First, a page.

Neville Yeomans adapted PA Yeomans’ processes of working with land topography to social and group topography. Just as the Yeomans family was guided by nature on their farms, Neville Yeomans was continually scanning the social environment and social topography for what to do next. Yeomans found wisdom in the social milieu and was constantly guide by that wisdom about what was fitting in the moment-to-moment unfolding context.
This paper draws on the work of the PhD undertaken by Spencer (2006b). The thesis used a naturalistic inquiry based qualitative research approach. It used principles of emergent design (Lincoln and Guba 1985, p.208). To ensure trustworthiness and following Denzin (1978), triangulation of data collection was used by simultaneously engaging in in-depth interviewing, (1995, p. 81) prolonged action research, and archival research. Yeomans, and three Fraser House ex-staff (a psychologist, a psychologist/ anthropologist and a senior psychiatric charge nurse) were interviewed as well as a Fraser House ex-patient and an ex-outpatient. Comments made by one interviewee were crosschecked with the other interviewees.
In working with Geertz’s concepts of ‘thick description’ (1973) and holographic generalization (Lincoln and Guba 1985, p.125) I used thematic analysis (also called Narrative Analysis). In this I was guided by Kellehear (1993, p. 38) and Miles and Huberman (1994). For analysis I drew on Berger and Luckman’s notion of ‘typification’ (1967) in looking for what Eisner calls, ‘structural collaboration’ - ‘recurrent behaviours or actions, those theme-like features of a situation that inspire confidence that events interpreted and appraised are not aberrant or exceptional, but rather characteristic of the situation (1991, p. 101)’. As well Eisner’s (1991, p. 63) ‘connoisseurship’ was used, defined by him as ‘the ability to make fine-grained discriminations among complex subtle qualities’. Connoisseurship is ‘the art of appreciation’. A fundamental aspect of connoisseurship is ‘allowing the situation to speak for itself, that is, to allow for an emergent focus’ (1991, p. 176).
This method of analysis is resonant with both Yeomans’ Cultural Keyline practice and his father’s Keyline, both of whom used an emergent focus on the emergent tendencies of complex systems. Yeomans never mentioned either of the terms ‘Keyline’ or ‘Cultural Keyline’ in any of his Fraser House writings. While ‘Cultural Keyline’ is such a central concept to Yeomans and his way, I have found no mention of this term in any of his other writing either. However, Cultural Keyline is implicitly present throughout Yeomans’ writing and action if one understands the term and how to discern it. Yeomans had not used the term with Margaret Cockett or Stephanie Yeomans, the two he discussed most things with.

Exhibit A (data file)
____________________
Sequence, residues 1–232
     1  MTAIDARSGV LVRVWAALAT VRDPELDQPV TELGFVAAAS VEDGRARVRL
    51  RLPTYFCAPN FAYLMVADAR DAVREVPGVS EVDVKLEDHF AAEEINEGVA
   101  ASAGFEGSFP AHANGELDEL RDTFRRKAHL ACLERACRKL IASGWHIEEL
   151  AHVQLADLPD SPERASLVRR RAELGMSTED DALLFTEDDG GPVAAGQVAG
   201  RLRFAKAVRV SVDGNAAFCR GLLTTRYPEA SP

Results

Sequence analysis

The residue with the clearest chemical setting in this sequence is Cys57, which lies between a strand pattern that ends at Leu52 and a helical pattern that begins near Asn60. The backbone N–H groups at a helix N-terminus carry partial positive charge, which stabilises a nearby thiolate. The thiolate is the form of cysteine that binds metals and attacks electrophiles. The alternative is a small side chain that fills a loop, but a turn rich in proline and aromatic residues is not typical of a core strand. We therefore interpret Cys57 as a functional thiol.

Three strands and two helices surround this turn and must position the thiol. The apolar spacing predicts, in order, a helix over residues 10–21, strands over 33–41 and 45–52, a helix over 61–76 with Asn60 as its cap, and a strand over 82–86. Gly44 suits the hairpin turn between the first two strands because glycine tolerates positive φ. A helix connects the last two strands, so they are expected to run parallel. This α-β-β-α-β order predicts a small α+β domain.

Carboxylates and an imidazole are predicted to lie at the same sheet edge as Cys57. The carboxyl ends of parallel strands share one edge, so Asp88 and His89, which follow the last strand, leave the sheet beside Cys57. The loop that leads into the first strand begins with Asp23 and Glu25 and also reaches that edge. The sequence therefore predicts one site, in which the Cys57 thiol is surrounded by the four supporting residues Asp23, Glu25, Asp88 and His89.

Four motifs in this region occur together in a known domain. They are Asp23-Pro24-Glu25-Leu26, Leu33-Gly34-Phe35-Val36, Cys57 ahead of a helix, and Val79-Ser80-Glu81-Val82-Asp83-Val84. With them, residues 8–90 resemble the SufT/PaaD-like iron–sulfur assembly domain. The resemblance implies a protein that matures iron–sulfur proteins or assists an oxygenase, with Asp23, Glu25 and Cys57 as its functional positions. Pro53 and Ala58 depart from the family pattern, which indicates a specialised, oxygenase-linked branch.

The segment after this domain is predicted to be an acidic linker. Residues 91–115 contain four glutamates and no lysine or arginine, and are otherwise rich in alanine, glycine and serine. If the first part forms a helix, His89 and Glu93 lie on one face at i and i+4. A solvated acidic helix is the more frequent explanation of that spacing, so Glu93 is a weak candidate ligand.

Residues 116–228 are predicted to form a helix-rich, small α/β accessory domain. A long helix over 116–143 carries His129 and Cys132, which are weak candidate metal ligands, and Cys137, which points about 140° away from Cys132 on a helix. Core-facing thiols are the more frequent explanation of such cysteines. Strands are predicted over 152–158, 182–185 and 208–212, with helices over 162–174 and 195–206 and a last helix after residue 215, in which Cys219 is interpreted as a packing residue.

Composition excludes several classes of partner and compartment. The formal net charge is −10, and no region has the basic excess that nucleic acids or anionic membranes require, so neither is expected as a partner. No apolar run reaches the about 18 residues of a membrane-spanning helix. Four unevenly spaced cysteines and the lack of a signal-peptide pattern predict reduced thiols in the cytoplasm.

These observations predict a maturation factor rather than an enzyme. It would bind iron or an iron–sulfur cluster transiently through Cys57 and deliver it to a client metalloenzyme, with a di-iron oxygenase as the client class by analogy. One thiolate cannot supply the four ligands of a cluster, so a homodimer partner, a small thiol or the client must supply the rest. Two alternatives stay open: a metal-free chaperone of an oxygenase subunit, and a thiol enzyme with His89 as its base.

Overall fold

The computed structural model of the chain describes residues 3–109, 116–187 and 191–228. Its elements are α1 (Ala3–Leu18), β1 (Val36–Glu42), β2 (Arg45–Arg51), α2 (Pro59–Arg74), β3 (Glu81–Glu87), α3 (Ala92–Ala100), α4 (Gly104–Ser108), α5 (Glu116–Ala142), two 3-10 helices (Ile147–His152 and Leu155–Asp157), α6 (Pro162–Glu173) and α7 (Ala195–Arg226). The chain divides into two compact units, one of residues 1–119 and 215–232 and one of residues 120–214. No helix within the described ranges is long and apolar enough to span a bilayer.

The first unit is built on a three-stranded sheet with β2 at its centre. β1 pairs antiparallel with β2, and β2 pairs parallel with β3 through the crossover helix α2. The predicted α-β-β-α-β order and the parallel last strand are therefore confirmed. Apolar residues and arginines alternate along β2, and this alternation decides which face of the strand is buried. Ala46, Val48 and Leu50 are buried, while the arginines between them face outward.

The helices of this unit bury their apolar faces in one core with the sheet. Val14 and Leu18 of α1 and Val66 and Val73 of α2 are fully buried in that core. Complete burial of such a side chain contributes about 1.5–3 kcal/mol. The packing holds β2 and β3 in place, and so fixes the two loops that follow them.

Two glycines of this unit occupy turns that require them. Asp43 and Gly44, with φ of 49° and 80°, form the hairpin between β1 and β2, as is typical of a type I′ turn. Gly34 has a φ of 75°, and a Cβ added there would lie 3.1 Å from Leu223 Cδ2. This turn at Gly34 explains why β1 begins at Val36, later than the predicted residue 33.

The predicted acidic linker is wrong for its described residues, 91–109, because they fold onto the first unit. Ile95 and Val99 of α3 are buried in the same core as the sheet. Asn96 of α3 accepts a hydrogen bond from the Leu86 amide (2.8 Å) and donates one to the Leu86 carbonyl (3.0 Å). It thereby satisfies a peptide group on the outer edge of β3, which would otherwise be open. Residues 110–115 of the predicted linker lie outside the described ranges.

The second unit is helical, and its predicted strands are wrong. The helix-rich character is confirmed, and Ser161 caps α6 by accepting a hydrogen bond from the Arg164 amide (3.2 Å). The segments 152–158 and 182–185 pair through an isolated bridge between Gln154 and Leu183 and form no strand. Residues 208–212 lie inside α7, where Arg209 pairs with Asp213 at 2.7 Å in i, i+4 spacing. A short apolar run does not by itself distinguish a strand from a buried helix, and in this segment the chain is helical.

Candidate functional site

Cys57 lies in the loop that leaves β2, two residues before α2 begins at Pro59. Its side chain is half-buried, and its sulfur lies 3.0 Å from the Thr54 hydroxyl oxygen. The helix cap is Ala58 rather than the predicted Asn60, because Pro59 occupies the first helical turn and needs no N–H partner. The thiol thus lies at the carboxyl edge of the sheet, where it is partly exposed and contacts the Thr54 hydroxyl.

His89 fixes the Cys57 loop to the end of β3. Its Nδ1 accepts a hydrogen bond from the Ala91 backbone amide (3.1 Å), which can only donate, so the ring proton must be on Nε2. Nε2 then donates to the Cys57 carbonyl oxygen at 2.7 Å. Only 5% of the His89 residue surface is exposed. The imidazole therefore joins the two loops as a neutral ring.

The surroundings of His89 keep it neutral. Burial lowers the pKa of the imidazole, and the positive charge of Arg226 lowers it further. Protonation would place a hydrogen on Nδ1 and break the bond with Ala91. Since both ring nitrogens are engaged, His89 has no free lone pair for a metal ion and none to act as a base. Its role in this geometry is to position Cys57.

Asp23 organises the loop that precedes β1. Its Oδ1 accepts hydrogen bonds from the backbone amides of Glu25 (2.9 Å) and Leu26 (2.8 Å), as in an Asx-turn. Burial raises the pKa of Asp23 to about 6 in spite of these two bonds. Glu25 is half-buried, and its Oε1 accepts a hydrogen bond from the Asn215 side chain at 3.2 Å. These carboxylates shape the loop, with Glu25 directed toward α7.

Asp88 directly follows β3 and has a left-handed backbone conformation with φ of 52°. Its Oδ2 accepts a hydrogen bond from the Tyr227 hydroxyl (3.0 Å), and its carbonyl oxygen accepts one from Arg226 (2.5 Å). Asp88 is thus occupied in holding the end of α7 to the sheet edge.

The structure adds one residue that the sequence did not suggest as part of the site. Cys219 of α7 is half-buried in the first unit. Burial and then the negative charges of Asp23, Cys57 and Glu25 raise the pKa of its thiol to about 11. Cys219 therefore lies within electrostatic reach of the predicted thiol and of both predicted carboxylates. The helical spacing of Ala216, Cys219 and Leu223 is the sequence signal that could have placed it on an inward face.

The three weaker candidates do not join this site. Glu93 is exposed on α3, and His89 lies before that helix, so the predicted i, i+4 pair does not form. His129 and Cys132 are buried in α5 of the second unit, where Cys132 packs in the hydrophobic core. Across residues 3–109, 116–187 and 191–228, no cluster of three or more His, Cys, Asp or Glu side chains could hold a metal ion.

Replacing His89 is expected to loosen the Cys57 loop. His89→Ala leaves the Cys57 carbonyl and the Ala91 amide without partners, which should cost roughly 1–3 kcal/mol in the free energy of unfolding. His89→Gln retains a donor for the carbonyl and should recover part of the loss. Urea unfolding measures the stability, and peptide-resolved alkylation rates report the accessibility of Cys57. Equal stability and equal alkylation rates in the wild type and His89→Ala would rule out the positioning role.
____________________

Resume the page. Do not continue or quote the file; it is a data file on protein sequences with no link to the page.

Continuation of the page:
Yeomans first mentioned the term ‘Cultural Keyline to me in Yungaburra in December 1991 in the context of my starting a PhD on his work. When I asked Yeomans to explain Cultural Keyline, Yeomans changed the topic saying that I already knew all about it. This puzzled me as I had no idea what the term meant. I again asked in December 1993 and he suggested that I read his father’s Keyline writings. Then I may discover Cultural Keyline in my own actions. After his death in May 2000 I realised that Yeomans was aware that through his subtle modelling of his behaviour in my presence, I had absorbed aspects of his way and regularly used Cultural Keyline in my action research in his presence, even though I did not know my actions were consistent with Cultural Keyline. I sense that Yeomans’ view was that head knowing alone will limit understanding of Cultural Keyline – understanding has to emerge through the embodiment of values-based relevant experience.
A challenge in researching Yeomans and his work is that his ways were essentially inexplicable. Another complicating factor in this research was that there were fractal forms to everything Yeomans and his father were engaged in, although these are not immediately obvious. If this fractal quality and the interconnected and inter-dependent nature of Yeomans praxis is not recognized, as it was not recognized by me for halfway through my research, an inquirer would miss the inter-related, inter-connected and inter-dependent essence and potency of Yeomans (and his father’s) work. Any amount of analysis of the parts that missed their inter-relatedness, or laboured to make links when they are already pervasive, would again miss the essence.
Every aspect of the above research method is resonant with all aspects of Neville Yeomans’ praxis. Cultural Keyline was found as a fractal-like repeated pattern in Yeomans’ diverse psychiatric action.
This segment provides a brief literature review as background to my research into Yeomans’ lifework.
Bloom (2005, p.77) identifies the rise of biopsychosocial approaches in psychiatry in the 1920’s and also traces the professional links made by psychiatrists to evolve their specialty in the same decade. Colloquia were held in 1928 and 1929 under the auspices of the American Psychiatric Association Committee on Relations with the Social Sciences. As well as psychiatrists, the colloquia attendees were psychologists, political scientists, anthropologists and sociologists.